Pat Rossiter is contemplating taxi-driver etiquette. It would be permissible, he thinks, to yell, "Hey, pal, your iambic pentameter stinks," over the radio. Something truly vulgar, however, would not be. And should a cabdriver ever attempt to interrupt a live, on-the-air poetry recitation--well, that would be a "capital offense."
These are just some of the judgment calls that Rossiter, as a communications supervisor for Yellow Cab, must make. And it's not always easy, he says.
"I don't know if I could quantify exactly, but some of the cabdrivers are more erudite than others," he explains. "There's Ph.D.s and MBAs and BMFs and Lord knows what else. Some of the guys are surreal intellectuals. Some are of the `Where to, Mac?' category."
Diverse a bunch as they are, he says, they all remember the night that Denver cab poetry was born.
It was about four months ago. Dispatcher John Wafer was working the all-night shift. "I know it's tough for the guys to stay awake," Wafer explains. "At night, there are maybe thirty, forty guys out there. There's banter. As a dispatcher, you feel a little like a comedian feels on stage."
This particular night, however, instead of a quip, Wafer chose poet William Stafford. "I figured, I'm a Stafford fan, and he's dead, so..."
Out onto the airwaves went the line:
"There is a dream going on while I am awake...
"I thought that was pretty appropriate," Wafer says. In the nights that followed, he recited Walt Whitman's "Song of the Open Road," several from the Emily Dickinson oeuvre, a smattering of Galway Kinnell and Marianne Moore, and finally a little something by himself--a eulogy for a fallen hack entitled "Paul Harries/Cabbie...Par Excellence":
...he didn't seem to be in it for the money,
It was the juice of cabbing we all get entranced with:
The intimacy of strangers
The action, the streets, the motion.
The broken needing one more chance at Arapahoe House
The wounded needing a verbal touch.
A sharing of words as well as a ride.
At first, response was slow. A few cabbies came in to pay their respects. A few radioed in requests from passengers to have certain poems repeated. Thursday nights became unofficial poetry nights, and often, as the midnight shift began, drivers would call in to find out when, exactly, the poem would be read.
"I enjoy it," says a driver named Lloyd. "It sort of breaks up the night. Some of it's good and some of it's not so good, but hell, everyone has his own taste in poetry." Lloyd's favorite, so far, is "that one about the woman--"
"Oh yeah," Wafer recalls, "I got that one out of a ten-year-old Atlantic. Every driver has had that experience, but it's not discussed--picking up a woman and taking her home from her lover, and making her feel safe."
The poem, by Linda Mizejewski, begins:
Taxicab drivers are certain rescue
They come like fathers, who fetch their girls...
"I get requests for that one a lot," Wafer says.
Then, a month ago, a less literary request appeared.
In a memo entitled "Re: Asinine poetry," a driver known only as No. 1917 addressed some angry words to supervisor Rossiter. His memo, verbatim, reads:
"John Wafer continues to recite poetry over the radio every time he dispatchs. Please have him stop. It tie's up radio. If he continues I will start tieing up the radio in a vulgar way?"
Cabbies detest the practice of tying up the radio, or "miking," in which a driver will hold down his talk button to keep everyone else off the air. No. 1917 reportedly miked Wafer at least once but wouldn't discuss that or his memo with Westword. "He respectfully declined to speak with you," Rossiter says. "Only it wasn't so respectful, to be blunt. Your request has reduced him to a quivering mass."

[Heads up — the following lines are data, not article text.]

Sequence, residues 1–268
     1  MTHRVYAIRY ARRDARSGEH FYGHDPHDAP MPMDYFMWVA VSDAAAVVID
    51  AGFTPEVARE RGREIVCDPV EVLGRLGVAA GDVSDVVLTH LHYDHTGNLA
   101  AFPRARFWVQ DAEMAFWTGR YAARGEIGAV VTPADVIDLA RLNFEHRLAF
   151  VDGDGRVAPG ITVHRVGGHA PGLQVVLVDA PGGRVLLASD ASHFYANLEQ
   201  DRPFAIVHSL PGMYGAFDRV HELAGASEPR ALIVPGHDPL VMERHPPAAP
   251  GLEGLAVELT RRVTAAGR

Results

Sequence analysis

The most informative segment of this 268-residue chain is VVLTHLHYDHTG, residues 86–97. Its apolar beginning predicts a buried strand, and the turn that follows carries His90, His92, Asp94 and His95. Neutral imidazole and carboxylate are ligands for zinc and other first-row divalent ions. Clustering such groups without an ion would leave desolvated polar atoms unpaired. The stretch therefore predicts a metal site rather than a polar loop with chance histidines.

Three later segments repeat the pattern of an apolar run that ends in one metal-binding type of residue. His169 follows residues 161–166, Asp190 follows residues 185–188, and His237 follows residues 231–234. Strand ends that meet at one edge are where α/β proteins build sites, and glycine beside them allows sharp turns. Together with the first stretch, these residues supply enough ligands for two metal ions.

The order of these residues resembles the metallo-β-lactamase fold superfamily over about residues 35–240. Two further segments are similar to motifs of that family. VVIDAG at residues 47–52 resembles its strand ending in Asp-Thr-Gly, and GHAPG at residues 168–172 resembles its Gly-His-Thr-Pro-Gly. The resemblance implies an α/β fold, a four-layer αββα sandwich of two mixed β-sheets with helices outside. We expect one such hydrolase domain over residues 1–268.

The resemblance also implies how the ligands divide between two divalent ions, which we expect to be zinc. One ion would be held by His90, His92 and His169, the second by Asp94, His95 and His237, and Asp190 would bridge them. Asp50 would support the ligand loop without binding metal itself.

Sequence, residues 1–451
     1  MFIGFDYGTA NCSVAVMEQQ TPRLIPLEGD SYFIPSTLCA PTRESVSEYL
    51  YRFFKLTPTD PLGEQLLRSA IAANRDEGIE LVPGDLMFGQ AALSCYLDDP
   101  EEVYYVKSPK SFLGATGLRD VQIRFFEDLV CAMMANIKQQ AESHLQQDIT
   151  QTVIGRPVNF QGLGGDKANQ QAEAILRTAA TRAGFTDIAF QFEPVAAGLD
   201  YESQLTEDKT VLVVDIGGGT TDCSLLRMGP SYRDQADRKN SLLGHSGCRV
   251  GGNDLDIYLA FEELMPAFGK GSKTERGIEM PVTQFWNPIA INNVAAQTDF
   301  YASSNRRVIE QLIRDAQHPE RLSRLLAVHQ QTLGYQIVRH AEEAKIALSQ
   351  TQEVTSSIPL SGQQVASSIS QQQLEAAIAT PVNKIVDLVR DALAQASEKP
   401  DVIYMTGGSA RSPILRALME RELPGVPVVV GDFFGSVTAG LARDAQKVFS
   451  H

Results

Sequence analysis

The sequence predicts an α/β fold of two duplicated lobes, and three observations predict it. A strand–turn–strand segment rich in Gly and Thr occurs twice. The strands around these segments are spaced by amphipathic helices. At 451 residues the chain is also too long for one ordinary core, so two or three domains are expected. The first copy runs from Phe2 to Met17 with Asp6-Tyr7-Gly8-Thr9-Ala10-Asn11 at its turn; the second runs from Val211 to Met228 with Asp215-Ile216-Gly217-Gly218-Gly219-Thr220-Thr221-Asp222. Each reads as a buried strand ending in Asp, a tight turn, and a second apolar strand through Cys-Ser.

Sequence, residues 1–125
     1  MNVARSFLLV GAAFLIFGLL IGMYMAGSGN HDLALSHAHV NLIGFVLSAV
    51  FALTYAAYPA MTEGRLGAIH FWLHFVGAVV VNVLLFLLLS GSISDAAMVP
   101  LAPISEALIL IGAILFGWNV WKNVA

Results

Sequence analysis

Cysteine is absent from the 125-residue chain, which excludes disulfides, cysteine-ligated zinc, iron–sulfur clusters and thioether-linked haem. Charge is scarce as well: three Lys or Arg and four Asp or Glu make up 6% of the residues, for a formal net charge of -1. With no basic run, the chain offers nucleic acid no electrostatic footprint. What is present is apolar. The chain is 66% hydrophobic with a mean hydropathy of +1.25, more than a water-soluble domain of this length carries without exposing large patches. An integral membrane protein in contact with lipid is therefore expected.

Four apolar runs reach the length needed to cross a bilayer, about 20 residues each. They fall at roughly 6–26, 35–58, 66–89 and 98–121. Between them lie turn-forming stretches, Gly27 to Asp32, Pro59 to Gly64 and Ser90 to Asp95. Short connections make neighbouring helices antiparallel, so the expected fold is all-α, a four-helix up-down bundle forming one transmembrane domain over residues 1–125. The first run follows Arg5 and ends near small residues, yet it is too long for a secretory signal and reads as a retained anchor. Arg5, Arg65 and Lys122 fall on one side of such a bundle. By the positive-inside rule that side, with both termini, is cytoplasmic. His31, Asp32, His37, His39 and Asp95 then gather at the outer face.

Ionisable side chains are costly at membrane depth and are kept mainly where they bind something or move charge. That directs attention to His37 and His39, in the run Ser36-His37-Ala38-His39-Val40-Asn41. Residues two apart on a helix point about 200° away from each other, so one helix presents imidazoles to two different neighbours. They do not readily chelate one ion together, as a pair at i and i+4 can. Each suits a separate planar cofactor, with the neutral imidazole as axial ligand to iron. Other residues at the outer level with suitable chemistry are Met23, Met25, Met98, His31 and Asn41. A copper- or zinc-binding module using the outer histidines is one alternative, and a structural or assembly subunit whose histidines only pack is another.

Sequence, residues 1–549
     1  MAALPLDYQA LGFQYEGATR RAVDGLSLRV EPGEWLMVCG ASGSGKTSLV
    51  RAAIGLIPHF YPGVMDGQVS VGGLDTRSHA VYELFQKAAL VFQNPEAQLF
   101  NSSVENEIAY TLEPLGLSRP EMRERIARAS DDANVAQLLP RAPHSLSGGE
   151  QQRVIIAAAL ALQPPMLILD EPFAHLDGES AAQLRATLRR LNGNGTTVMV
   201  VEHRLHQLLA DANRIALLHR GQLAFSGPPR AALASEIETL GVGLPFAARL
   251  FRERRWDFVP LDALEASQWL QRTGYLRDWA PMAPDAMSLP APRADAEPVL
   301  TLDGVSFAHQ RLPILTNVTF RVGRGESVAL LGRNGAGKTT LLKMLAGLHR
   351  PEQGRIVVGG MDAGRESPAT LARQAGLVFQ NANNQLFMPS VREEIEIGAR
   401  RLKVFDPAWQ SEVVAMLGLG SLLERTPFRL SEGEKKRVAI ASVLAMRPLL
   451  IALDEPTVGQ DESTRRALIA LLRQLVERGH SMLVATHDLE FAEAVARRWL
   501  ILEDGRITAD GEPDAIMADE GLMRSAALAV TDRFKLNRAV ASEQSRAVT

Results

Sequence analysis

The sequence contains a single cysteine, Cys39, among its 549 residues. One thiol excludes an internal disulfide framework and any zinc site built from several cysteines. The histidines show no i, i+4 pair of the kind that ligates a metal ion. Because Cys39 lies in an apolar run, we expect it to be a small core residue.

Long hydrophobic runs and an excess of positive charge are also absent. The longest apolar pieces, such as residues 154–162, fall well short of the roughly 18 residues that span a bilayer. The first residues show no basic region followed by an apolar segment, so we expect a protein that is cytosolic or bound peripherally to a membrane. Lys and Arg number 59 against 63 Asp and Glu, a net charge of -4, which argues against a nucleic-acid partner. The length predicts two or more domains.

Not that Rossiter took No. 1917's protest lightly. He handled it instantly, thus:
The verses end as of tonight
For as a poet,
John's no delight.
But if you mike him
one more time,
You're out the door
and down the line.
Percy Bysshe Rossiter
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He sent a copy to Wafer, with this scribbled note: "John--please refrain from casting pearls before swine on the radio."
What happened next was nothing. Wafer continued to recite poetry, including a rare gem by Karol Wojtyla (the Pope) entitled "The Armaments Factory Worker." "It was perfect for anyone who ever worked at Rocky Flats," Wafer explains. "I had to."
"A little chatter really doesn't hurt," Rossiter decided. "Especially at night. If John were interfering with anyone's safety, it would be different." Both Wafer and Rossiter insist that this is not the case. Not only does the poesy occur only during slow times, and in the middle of the night, but also only when a supervisor is listening in, so that if a distress call were to come in, someone would hear it. "Besides," says Rossiter, "when I said John's no delight as a poet, it was just poetic license. Really, he's pretty good."
He ought to be. Currently in his last months as a master's candidate in English at the University of Colorado at Denver, Wafer is presenting a scholarly paper at a university in Nashville even as you read this. He teaches several undergraduate writing courses at UCD and will leave Colorado this fall to obtain his Ph.D. He came to Denver in the late Sixties as part of the campaign to stop the B-1 bomber, and stayed to run a construction company. Laid low by cancer in the early Eighties, he took to cab driving and degree-earning. Both hooked him.
"Taxi work is exhausting and isolating, but drivers are wonderful," he says. "A lot of them work weekends so they can read all week. A lot of them are anarchists."
Working among anarchists brought Wafer's activist instincts back to the surface. "I thought, I can go over the air as a poetry missionary," he recalls. "Poetry's not for the elite. People object to it only because they're not used to it. And I thought, so what.